A Leeds landlord has been fined for renting out a flat the council and fire service deemed unsafe to live in.
Hari Amedi, of Cross Flatts Grove, had previously pleaded not guilty but failed to appear before magistrates on Monday April 18. Amedi was fined £1,100 in absence and ordered to pay £1,582 costs and a £110 victim surcharge.
Conditions in Amedi’s property, located above a takeaway on Harehills Lane, came to light during a multi-agency operation in March 2014.
The premises were one of 70 being targeted on Harehills Lane after a successful bid with West Yorkshire Fire and Rescue Service (WYFRS) for government funding to tackle rogue landlords, with the aim of improving fire safety and standards of accommodation in flats above shops.
Council and WYFRS officers identified significant failings with a serious lack of fire safety measures in the flat that shared access with the fried chicken takeaway downstairs.
The flat also had dangerous electrics, damp and mould, excess cold and poor security measures so an immediate emergency prohibition order was served under the Housing Act 2004.
This meant that Amedi could not let the property until significant fire safety precautions were installed at the flat.
A follow up inspection found that Amedi had re-let the property without installing the required fire safety works, breaching the emergency prohibition order so was prosecuted.
Councillor Debra Coupar, executive member for communities, said: “We expect all privately rented properties to be kept to a safe standard. This is even more important when those properties are based above a business, and particularly when that involves cooking.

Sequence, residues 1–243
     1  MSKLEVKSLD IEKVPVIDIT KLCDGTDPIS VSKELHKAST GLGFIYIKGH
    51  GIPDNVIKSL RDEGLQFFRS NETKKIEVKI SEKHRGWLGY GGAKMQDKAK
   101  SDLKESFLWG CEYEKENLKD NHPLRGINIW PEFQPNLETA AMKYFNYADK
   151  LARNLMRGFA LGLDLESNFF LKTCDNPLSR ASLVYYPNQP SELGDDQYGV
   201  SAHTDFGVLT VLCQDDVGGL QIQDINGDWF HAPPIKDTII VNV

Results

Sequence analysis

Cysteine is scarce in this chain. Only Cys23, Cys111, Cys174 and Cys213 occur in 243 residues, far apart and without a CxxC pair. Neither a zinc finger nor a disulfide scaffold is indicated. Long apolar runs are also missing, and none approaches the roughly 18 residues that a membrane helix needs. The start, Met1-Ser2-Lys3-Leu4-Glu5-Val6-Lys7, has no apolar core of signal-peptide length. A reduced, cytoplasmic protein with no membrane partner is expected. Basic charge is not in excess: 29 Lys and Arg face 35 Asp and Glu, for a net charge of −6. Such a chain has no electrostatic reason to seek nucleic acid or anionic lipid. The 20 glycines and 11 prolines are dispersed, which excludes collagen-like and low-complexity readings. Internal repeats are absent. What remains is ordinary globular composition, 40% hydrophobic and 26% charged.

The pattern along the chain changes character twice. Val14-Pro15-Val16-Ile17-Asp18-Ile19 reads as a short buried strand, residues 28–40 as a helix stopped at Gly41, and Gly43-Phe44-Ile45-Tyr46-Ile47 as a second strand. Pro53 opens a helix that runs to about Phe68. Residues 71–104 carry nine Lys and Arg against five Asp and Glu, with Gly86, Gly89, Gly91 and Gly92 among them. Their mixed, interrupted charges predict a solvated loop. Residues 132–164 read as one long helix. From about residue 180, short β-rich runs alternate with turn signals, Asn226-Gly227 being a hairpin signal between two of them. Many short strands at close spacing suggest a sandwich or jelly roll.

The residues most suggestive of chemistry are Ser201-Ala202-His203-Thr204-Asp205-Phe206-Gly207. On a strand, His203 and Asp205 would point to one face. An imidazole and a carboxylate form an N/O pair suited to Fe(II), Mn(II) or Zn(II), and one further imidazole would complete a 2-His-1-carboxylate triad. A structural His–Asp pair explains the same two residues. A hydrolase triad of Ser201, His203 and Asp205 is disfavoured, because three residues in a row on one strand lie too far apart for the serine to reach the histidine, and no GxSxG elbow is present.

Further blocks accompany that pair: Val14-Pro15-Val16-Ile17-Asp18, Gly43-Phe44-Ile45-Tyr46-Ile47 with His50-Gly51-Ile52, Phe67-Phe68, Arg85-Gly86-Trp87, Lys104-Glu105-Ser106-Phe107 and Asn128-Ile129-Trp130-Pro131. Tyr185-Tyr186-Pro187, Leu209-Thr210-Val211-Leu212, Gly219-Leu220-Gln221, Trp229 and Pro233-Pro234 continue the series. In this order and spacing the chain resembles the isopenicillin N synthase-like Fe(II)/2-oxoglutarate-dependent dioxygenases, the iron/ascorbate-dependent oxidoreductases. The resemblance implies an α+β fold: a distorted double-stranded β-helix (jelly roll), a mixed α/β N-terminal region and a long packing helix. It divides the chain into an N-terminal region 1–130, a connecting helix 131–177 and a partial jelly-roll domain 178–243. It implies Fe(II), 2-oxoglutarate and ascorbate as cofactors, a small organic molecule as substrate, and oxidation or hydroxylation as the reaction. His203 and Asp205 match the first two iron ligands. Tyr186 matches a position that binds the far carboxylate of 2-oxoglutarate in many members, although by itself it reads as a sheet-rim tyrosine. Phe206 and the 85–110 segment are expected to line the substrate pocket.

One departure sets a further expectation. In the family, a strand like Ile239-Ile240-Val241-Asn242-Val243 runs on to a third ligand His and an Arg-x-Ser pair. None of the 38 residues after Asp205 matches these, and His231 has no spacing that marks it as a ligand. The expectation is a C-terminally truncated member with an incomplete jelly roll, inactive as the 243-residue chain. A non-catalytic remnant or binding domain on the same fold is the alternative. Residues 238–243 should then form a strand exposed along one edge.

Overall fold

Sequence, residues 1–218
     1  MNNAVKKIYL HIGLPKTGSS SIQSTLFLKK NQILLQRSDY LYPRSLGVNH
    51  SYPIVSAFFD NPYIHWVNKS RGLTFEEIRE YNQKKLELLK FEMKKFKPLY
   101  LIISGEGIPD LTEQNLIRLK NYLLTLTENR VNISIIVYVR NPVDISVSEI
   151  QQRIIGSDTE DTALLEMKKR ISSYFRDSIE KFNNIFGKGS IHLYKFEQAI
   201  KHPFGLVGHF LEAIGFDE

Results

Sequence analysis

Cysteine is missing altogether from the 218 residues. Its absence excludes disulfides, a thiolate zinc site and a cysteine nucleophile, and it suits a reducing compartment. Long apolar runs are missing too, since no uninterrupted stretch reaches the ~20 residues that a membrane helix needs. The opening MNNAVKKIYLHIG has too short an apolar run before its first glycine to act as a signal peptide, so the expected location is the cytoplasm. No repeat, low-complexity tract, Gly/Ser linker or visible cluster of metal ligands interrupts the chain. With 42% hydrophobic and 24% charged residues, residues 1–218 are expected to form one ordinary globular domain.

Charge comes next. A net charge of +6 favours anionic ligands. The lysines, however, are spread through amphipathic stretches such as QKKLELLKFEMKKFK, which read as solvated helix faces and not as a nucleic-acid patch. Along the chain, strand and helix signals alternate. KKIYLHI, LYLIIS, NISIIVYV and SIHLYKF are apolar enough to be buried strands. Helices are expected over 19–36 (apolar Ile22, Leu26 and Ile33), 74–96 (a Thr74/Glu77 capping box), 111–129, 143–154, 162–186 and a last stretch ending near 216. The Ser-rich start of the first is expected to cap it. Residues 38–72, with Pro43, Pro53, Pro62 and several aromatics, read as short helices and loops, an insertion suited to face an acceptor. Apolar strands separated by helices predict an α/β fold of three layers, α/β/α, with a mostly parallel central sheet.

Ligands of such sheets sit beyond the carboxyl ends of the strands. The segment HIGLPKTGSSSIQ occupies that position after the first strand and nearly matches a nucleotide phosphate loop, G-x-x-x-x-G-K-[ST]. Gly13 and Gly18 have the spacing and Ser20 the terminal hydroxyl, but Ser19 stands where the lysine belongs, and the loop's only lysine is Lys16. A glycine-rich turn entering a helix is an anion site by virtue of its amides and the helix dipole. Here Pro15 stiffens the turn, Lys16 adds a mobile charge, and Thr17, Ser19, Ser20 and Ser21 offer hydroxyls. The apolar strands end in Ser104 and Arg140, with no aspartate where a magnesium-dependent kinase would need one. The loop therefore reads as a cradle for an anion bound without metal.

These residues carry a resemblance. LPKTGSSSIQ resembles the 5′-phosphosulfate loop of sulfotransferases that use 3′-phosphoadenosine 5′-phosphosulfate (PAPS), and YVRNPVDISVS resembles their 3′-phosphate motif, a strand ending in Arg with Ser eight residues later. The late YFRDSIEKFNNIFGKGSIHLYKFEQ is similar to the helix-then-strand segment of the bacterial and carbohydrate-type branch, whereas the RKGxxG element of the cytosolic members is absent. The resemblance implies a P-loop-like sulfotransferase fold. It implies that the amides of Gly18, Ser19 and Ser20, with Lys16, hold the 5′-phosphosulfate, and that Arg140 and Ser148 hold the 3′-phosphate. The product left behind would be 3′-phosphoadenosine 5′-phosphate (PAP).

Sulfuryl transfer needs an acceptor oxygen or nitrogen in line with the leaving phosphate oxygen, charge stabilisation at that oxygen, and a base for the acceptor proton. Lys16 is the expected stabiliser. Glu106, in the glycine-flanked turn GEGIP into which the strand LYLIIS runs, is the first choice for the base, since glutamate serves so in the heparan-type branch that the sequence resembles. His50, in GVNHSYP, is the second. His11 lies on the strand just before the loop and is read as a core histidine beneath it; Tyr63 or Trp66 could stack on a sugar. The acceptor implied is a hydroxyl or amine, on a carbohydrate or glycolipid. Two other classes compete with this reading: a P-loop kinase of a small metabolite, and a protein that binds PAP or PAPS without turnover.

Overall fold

“It beggars belief that a landlord would put their tenants at such risk with a total disregard for even basic fire safety.
“Thanks to our proactive approach we’ve been able to take action and prevent a potential tragedy.”
Chris Kemp, fire protection manager for WYFRS, said: “West Yorkshire Fire and Rescue Service are committed to supporting business and property owners to comply with requirements imposed upon them, however when there is a clear disregard for public safety as is the case here, we have no alternative but to support our partners in taking legal action against those individuals.
“This case is a fine example of the excellent partnership working between Leeds City Council and West Yorkshire Fire & Rescue Service that will continue to make our communities safer.”
Funded by the Department of Communities and Local Government’s rogue landlord fund, all owners of shops with living accommodation above them on Harehills Lane were invited to work with the council and fire service in March 2014. An information event was organised to allow property owners, businesses and residents to find out more.
Any owners failing to respond to the council’s call for co-operation were served formal notification that the council would be entering their properties to check them.
The project was also supported by West Yorkshire Police and Home Office Immigration.